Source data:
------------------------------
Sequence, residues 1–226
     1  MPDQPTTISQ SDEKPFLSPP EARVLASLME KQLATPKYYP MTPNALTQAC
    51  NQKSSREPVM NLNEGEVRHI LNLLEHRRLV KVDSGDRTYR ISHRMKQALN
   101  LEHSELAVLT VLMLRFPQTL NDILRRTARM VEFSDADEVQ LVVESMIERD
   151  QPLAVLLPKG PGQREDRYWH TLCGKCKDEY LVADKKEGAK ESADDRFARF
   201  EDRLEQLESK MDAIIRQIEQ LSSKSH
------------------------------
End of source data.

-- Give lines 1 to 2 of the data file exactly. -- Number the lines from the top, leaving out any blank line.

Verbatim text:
Sequence, residues 1–226
     1  MPDQPTTISQ SDEKPFLSPP EARVLASLME KQLATPKYYP MTPNALTQAC